Biographies that blur, or ignore, or misrepresent Oresme by calling him ‘a clergyman’ or which ‘politely’ omit reference to any medieval scholar’s religious views and/or standing ignore something that was an essential part of the person’s scholarly, as well as their personal character.

Ellie’s comparison was conveyed by inference, not argument or evidence, and appealed simply to her audience’s expectations of all-European content for the Voynich manuscript. Points of difference in form and all else were simply ignored but this is also usual in Voynich writings.

So when Pelling, who has a degree in modern historical studies, later revisited Ellie’s idea (naturally, with all due credit given), he omitted most of Ellie’s illustration, narrowing the whole tacit argument still further.

As I see it, the numerous points of difference are more telling than the few which are sort-of, more-or-less, similar. You will find no kings, no thrones, no flowing ermine robes, no kneeling suppliants, no armillary spheres, no ornate tapestry-pattern backgrounds in the Voynich manuscript and in neither the full Oresme illumination nor the small detail shown above is there the detail that I see as being the most telling of the Voynich diagram’s significance – I mean those eight curved ‘arms’ of which four are seen to emerge from the foreground and four apparently from below that visible surface ..

I think – I hope – that covers the three items I was asked to expand on.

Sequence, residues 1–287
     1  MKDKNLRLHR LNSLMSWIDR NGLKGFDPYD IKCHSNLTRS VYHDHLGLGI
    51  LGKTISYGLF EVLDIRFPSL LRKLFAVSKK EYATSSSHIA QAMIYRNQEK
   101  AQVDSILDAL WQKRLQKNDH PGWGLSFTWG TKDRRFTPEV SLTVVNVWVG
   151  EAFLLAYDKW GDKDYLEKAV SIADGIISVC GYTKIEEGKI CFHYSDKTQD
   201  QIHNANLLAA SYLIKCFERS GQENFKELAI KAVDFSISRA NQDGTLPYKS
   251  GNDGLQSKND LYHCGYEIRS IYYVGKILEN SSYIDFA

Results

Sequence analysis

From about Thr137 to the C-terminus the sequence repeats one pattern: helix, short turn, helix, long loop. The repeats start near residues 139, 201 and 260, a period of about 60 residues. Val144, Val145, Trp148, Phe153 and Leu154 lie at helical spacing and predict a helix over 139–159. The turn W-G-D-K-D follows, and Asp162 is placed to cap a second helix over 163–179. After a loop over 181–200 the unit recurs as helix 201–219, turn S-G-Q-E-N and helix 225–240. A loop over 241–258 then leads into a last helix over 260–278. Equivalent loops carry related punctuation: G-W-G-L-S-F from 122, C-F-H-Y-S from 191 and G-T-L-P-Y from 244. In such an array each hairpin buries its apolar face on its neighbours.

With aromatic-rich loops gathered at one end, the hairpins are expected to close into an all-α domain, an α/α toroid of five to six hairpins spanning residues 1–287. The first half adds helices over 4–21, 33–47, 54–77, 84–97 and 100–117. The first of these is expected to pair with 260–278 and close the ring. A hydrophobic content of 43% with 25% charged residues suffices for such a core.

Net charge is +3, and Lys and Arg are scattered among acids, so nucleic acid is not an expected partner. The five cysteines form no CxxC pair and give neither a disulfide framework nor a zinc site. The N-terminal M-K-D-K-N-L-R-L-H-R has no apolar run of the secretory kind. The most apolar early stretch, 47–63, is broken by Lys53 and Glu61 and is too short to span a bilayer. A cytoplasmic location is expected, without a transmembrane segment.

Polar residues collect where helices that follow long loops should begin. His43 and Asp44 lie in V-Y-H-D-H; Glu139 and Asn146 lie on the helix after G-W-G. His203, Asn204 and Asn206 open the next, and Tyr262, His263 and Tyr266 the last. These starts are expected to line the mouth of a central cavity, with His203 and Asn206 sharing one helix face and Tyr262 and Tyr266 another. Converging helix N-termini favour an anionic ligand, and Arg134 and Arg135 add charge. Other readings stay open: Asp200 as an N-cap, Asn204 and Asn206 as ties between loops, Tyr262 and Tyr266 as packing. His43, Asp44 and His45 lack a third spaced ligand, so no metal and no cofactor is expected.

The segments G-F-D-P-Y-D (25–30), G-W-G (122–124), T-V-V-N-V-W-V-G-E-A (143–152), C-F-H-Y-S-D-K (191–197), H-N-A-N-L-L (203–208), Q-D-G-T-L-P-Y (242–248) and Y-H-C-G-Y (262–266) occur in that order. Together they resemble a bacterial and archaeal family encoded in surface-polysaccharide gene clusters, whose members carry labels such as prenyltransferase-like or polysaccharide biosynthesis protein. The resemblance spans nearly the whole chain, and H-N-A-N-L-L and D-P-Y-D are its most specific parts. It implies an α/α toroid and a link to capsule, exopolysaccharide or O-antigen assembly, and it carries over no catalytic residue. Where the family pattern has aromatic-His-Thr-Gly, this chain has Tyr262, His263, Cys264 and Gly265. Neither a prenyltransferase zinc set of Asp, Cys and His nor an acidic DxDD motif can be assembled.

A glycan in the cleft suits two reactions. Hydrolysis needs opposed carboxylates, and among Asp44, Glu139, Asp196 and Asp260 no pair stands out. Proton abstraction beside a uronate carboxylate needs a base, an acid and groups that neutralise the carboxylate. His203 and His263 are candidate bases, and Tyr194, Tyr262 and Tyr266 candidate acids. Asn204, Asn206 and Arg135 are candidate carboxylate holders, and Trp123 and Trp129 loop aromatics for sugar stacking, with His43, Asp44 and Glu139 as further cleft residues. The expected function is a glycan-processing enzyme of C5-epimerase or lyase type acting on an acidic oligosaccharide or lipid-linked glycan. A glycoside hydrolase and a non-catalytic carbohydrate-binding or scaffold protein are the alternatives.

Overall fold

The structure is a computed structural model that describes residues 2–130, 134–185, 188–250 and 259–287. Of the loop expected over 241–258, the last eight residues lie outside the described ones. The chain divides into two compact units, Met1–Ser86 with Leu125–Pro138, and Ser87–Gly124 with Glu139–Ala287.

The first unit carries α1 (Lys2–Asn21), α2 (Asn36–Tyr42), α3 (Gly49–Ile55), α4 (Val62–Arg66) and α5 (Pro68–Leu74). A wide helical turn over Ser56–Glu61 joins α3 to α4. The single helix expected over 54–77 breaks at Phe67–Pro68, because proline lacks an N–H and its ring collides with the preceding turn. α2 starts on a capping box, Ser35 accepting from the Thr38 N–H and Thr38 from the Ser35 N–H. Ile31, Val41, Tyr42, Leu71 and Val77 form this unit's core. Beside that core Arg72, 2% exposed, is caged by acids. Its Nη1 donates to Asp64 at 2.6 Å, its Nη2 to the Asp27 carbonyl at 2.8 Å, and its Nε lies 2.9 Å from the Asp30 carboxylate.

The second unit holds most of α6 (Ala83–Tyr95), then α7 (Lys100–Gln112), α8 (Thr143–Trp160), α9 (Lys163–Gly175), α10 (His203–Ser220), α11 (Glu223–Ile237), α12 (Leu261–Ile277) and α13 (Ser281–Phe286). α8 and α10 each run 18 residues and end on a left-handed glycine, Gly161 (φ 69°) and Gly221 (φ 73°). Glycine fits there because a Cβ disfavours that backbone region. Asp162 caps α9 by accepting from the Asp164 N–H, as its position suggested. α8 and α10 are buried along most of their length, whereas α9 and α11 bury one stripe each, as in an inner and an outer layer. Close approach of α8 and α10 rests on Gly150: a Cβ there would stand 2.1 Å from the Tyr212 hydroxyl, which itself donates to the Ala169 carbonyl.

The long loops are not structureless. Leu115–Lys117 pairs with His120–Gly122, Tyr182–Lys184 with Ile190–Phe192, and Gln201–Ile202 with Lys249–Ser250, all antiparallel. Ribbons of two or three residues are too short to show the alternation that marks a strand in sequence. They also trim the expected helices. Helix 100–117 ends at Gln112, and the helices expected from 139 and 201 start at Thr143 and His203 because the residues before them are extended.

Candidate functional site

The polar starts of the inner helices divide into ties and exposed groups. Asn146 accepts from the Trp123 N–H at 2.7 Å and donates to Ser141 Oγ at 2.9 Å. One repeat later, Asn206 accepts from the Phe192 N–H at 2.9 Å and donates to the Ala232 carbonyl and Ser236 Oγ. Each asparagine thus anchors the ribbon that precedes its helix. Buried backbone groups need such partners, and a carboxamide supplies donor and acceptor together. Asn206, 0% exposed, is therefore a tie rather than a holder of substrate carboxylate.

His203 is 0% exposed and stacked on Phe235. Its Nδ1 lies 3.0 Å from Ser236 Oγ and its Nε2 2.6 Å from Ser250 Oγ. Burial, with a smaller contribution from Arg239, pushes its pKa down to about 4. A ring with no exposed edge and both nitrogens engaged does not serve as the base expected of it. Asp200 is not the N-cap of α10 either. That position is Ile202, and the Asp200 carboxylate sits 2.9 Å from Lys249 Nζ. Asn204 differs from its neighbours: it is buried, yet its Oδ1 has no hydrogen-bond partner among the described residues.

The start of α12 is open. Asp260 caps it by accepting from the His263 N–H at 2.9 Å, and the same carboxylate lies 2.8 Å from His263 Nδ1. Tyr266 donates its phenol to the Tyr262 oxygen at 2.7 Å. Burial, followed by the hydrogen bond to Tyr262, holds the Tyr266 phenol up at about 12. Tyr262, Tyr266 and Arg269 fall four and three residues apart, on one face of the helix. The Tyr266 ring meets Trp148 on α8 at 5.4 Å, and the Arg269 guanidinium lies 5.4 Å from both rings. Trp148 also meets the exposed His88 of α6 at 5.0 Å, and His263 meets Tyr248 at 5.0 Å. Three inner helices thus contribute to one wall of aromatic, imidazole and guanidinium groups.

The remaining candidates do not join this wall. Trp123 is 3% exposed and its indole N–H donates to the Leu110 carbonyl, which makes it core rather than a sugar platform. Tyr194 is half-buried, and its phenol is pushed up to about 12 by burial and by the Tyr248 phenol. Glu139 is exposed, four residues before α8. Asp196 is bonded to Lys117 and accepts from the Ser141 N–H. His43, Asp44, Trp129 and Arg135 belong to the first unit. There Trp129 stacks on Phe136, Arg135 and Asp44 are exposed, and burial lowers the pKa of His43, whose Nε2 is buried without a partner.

Sorry about the length.

Retrospective justifications

Lawyers may have ‘learned friends’; scholars only colleagues.

I’m going to be away for some weeks, so here’s an extra-extra-long post (originally designed as five separate posts) to serve as holiday reading while I’m gone. 🙂

NB. To skip the preliminaries, start from the heading: ‘Living Ivy’.

Abstract:  The Yale facsimile edition includes an essay predicated on the theory that the plant-pictures in the Voynich manuscript are related to the European ‘herbals’.  In that essay a comparison is offered which, if it were it valid – might constitute the long-sought (but  never found) proof for that theory, and further indicate that a niche exists for the Voynich plants within the stemmata for copies of the Tractatus de herbis type.  Credit for a comparison or  ‘pairing’ of folio 35v with  ‘oak and ivy’ from the ‘Manfredus’ herbal  is claimed by Rene Zandbergen, whose influence on the study has been constant since the early 2000s.  The following considers that experience, weighing the probability and evidence for and against such an interpretation of the image on f.35v.

WHEN later generations  consider Rene Zandbergen’s contributions to Voynich studies, rating high on the list will surely be his constant presence.